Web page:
Chapter 11 of the wonderful book, “Kids, Parents, and Power Struggles: Winning For A Lifetime” by Mary Sheedy Kurcinka is about how we make decisions. Sometimes we can trigger the other people in our household without even meaning to simply because some of us have a response to things that is feeling, and some of us have a response to things that are analytical.
Thinking means we are guided by facts, information received, and respond to that. Feeling means we often make decision guided by “what feels right.” This doesn’t mean that those guided by thinking are insensitive or unfeeling, or that those guided by feelings are too sensitive. There is a great checklist on page 179 regarding “if your child is a thinker”, and includes such things as does logic guide your child’s decisions, they need to know “why” things are done and loves a good debate, values justice and fairness, doesn’t enjoy talking about their feelings, and much more. Page 180 hold the checklist for children who are feelers and includes such things as needing to work through emotions before being ready to problem solve, highly valuing harmony and avoiding conflict, being deeply concerned with how decisions affect others. It is very illuminating!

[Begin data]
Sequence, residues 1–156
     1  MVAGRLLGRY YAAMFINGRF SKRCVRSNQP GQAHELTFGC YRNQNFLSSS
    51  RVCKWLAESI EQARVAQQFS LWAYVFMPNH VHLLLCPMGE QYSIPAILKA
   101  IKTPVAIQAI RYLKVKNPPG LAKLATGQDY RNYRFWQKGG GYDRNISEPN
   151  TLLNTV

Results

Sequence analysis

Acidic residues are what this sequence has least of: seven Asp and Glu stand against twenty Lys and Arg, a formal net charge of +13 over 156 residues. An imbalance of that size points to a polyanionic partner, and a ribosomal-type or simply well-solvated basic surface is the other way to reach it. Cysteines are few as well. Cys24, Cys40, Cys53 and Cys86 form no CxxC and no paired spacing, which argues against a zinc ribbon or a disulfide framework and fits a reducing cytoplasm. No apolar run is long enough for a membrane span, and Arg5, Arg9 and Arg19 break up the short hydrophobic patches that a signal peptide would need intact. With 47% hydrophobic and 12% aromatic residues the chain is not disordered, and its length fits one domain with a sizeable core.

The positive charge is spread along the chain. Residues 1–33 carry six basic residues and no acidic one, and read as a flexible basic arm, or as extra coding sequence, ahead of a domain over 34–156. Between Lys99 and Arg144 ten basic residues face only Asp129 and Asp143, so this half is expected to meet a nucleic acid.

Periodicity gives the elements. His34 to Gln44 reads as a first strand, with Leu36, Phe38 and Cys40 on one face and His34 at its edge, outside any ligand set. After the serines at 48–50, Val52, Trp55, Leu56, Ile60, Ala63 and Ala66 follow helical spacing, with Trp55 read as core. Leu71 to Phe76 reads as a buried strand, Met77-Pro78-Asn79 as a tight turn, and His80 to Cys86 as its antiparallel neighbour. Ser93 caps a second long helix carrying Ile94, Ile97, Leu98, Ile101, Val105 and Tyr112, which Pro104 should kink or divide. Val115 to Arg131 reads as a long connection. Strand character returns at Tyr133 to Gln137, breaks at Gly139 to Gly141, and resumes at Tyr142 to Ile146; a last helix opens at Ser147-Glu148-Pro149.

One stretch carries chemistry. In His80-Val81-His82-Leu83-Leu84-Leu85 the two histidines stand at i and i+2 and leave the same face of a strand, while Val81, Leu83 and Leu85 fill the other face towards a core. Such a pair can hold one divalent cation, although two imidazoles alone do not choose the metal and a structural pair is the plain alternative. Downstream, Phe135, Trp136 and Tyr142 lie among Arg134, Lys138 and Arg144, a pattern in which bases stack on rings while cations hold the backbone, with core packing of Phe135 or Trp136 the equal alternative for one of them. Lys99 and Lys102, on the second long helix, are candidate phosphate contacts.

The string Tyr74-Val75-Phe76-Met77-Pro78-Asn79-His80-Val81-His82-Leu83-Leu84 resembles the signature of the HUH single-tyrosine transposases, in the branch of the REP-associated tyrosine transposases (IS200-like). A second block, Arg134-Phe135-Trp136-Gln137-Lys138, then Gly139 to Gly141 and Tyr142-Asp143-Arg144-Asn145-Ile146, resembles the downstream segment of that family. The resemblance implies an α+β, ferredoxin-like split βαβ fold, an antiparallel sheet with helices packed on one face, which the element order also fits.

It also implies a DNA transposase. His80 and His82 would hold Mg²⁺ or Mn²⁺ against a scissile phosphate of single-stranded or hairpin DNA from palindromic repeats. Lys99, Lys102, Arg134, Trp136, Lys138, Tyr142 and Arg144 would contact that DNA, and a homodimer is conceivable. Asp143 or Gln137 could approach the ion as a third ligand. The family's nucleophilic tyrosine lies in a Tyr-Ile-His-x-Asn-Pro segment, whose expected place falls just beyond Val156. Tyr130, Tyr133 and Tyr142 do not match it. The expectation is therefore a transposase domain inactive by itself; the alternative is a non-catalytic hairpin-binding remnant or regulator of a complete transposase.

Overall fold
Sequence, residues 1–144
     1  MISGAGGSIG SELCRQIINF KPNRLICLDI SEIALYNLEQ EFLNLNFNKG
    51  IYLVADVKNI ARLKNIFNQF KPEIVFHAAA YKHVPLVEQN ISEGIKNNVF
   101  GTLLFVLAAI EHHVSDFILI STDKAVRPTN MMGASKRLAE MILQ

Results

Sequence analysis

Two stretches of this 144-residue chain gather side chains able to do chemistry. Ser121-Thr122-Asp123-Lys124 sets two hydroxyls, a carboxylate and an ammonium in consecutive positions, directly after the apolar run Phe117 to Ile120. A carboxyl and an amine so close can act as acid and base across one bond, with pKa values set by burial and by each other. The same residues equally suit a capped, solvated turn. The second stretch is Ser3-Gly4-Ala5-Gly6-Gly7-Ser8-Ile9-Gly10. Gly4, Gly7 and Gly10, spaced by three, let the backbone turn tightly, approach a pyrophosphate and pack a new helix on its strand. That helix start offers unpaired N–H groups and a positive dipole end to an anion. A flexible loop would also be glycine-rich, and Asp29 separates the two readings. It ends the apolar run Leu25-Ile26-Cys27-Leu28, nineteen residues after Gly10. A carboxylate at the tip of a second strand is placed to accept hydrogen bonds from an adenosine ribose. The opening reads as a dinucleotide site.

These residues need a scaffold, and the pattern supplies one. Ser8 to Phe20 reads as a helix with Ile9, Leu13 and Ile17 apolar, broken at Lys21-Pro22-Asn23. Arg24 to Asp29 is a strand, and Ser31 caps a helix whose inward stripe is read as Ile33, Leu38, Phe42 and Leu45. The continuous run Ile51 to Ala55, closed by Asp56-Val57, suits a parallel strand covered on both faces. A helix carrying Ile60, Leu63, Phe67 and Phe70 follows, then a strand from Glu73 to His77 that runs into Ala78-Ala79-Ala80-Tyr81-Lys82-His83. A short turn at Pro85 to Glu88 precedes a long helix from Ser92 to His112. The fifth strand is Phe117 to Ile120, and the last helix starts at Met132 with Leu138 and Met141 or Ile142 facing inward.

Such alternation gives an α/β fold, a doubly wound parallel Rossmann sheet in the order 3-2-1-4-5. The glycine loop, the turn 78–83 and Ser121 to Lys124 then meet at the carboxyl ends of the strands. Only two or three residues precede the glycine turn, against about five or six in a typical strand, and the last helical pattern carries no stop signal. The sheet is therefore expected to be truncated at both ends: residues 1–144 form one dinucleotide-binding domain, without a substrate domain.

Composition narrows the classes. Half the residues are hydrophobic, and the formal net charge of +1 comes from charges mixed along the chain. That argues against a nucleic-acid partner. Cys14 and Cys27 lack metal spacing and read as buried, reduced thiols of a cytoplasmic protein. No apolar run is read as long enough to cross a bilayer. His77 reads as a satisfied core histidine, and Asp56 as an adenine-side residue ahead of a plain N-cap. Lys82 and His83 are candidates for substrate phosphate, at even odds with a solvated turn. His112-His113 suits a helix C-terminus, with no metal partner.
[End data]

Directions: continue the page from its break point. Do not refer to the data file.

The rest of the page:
So, if your child is a thinker, you need to deal with facts first and deal with emotion coaching later! This child may need help to understand other people’s point of view. Another suggestion by the author is to let these children feel competent because they highly value acheivement and are often their own toughest critic. You can help them set goals that include dealing with outcomes and how those outcomes affect others. You may have to teach them to be tactful and how being tactful is different than lying. Validating their competence is also really important. It is also important that if this child has siblings, the rules are fairly applied. You may also need to explain “why”‘s more frequently, but it is important NOT to get pulled into intellectual traps.
The feeling child needs their feelings validated, and they need solutions that “feel right” for all the parties involved. They may need reassurance that they are liked – so for these children, it is really important you have a relationship with this child so you can work cooperatively. Yelling and criticizing doesn’t work work with any child, but a feeling child needs that cooperative feeling in order to focus and do what needs to happen. They may also need to learn how to be assertive and how they don’t have to and can’t please everyone, and they need to learn how to consider both feelings and facts.
The last few pages are broken down into categories for us as parents – are we extroverted feeling parents? Extroverted factual parents? Introverted feeling parents? Introverted factual parents?
This is a great chapter for all of us who want to bring balance to our children, and give them tools that will help them so much in the future!
I would love to hear what you thought about this chapter!